# Subtracting Two Vectors

Suppose that \(\vec a\) and \(\vec b\) are two vectors. How can we interpret the subtraction of these vectors? That is, what meaning do we attach to \(\vec a - \vec b\)?

To start with, we note that \(\vec a - \vec b\)will be a vector which when added to \(\vec b\) should give back \(\vec a\):

\[\left( {\vec a - \vec b} \right) + \vec b = \vec a\]

But how do we determine the vector \(\vec a - \vec b\), given the vectors and \(\vec b\)? The following figure shows vectors \(\vec a\) and \(\vec b\) (we have drawn them to be co-initial):

We need a way to determine the vector \(\vec a - \vec b\).

(i) Using the parallelogram law of vector addition, we can determine the vector as follows. We interpret \(\vec a - \vec b\) as \(\vec a + \left( { - \vec b} \right)\), that is, the vector sum of \(\vec a\) and \( - \vec b\). Now, we reverse vector \(\vec b\), and then add \(\vec a\) and \( - \vec b\) using the parallelogram law:

(ii) We can also use the triangle law of vector addition. Denote the vector drawn from the end-point of \(\vec b\) to the end-point of \(\vec a\) by \(\vec c\):

Note that \(\vec b + \vec c = \vec a\,\). Thus, \(\vec c = \vec a\, - \vec b\). In other words, the vector \(\vec a - \vec b\) is the vector drawn from the tip of \(\vec b\) to the tip of \(\vec a\) (if \(\vec a\) and \(\vec b\) are co-initial).

Note that both ways described above give us the same vector for \(\vec a - \vec b\). This becomes clearer from the figure below:

The vector \(\overrightarrow {PT} \) is obtained by adding \(\vec a\) and \( - \vec b\) using the parallelogram law. The vector \(\overrightarrow {RQ} \) is obtained by drawing the vector from the tip of \(\vec b\) to the tip of \(\vec a\). Clearly, both vectors are the same (they are translated versions of each other).

**Example 1:** Vector \(\vec a\) has a magnitude of 2 units and points towards the west. Vector \(\vec b\) has a magnitude of 2 units and makes an angle of 120^{0} with the east direction:

Find \(\vec a\, - \vec b\).

**Solution:** Make \(\vec a\) and \(\vec b\) co-initial, and draw the vector from the tip of \(\vec b\) to the tip of \(\vec a\):

Clearly, the triangle formed by these three vectors is equilateral. Thus, \(\vec a\, - \vec b\) is a vector of magnitude 2 units, and makes an angle of 120^{0} with the east direction, measured in a clockwise manner:

**Example 2:** A **unit vector** is a vector with unit magnitude. A unit vector is generally denoted by a cap on top of a letter. For example, whenever you encounter symbols like \(\widehat a\), \(\widehat b\), \(\widehat c\) etc., you should interpret these as unit vectors. \(\widehat a\) and \(\widehat b\) are two unit vectors inclined at an angle of \(\theta \) to each other:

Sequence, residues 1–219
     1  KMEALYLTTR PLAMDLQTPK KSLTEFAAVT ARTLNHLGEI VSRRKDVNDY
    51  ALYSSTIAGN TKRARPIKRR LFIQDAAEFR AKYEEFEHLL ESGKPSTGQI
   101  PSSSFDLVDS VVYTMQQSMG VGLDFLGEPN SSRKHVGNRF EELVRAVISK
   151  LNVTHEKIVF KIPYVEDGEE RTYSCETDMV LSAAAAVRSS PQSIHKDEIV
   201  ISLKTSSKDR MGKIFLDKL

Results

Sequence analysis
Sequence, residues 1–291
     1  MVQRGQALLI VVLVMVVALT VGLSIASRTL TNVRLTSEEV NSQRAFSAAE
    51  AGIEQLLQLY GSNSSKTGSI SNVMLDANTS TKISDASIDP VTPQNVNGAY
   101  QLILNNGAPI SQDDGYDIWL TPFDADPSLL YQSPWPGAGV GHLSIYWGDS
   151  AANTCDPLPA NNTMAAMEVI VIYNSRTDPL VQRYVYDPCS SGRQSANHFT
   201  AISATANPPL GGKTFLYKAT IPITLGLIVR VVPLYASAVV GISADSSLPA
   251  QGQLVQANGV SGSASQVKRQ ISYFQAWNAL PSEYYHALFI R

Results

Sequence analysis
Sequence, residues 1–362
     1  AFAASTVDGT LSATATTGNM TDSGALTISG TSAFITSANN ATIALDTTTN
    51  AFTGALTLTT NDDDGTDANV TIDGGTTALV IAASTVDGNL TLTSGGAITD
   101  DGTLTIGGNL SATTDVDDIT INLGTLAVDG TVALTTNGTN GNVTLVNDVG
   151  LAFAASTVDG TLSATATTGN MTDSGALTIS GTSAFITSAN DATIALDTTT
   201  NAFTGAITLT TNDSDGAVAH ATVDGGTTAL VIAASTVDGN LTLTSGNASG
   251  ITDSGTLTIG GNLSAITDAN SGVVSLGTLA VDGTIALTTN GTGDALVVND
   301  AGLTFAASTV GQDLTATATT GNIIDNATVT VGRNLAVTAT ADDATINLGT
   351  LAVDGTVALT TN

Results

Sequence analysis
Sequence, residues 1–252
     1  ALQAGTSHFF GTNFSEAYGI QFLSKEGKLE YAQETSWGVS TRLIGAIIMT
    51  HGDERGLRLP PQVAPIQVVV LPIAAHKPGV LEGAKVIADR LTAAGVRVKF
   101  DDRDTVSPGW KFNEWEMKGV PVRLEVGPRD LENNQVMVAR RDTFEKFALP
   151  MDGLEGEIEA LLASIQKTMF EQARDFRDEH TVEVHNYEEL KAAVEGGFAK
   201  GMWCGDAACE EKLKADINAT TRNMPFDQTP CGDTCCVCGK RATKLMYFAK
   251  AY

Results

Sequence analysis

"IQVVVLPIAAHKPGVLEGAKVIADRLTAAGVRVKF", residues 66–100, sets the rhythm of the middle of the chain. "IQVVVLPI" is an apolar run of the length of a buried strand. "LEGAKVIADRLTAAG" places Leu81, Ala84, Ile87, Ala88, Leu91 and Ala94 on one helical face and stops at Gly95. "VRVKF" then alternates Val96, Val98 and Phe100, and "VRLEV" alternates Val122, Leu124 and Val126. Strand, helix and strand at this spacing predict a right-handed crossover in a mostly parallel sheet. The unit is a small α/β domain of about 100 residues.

Find \(\left| {\widehat a - \widehat b} \right|\).

**Solution:** We need to find the magnitude of \(\widehat a - \widehat b\). Let us make \(\widehat a\) and \(\widehat b\) co-initial, and draw the vector \(\vec c\) from the tip of \(\widehat b\) to the tip of \(\widehat a\), as shown below:

To find the magnitude of \(\vec c\), we use the cosine law:

\[\begin{align}&\left| {\overrightarrow c } \right| = \sqrt {{{\left| {\widehat a} \right|}^2} + {{\left| {\widehat b} \right|}^2} - 2\left| {\widehat a} \right|\left| {\widehat b} \right|\cos \theta } \\\,\,\, &\;\;\;\;\;= \sqrt {1 + 1 - 2\left( 1 \right)\left( 1 \right)\cos \theta } \\\,\,\, &\;\;\;\;\;= \sqrt {2 - 2\cos \theta } = \sqrt {2\left( {1 - \cos \theta } \right)} \\\,\,\, &\;\;\;\;\;= \sqrt {4{{\sin }^2}\frac{\theta }{2}} = 2\sin \frac{\theta }{2}\end{align}\]

**Example 3:** What can you say about non-zero vectors \(\vec a\) and \(\vec b\), if \(\left| {\vec a\, + \vec b} \right| = \left| {\vec a\, - \vec b} \right|\)?

**Solution:** The relation \(\left| {\vec a\, + \vec b} \right| = \left| {\vec a\, - \vec b} \right|\) says that the magnitude of the sum of vectors \(\vec a\) and \(\vec b\) is equal to the magnitude of their difference. Consider the following figure:

Note that in this particular figure, vectors \(\vec a\, + \vec b\) and \(\vec a\, - \vec b\) have unequal lengths. Is there any case possible when the two have equal lengths? A little thinking will show that this is possible *only* when \(\vec a\) and \(\vec b\) are perpendicular. In such a scenario, \(\vec b\) and \( - \vec b\) have a symmetry about \(\vec a\):

Clearly, \(\vec a\, + \vec b\) and \(\vec a\, - \vec b\) have equal lengths in this case. Thus, for two non-zero vectors \(\vec a\) and \(\vec b\), \(\left| {\vec a\, + \vec b} \right| = \left| {\vec a\, - \vec b} \right|\) only if \(\vec a\) and \(\vec b\) are perpendicular.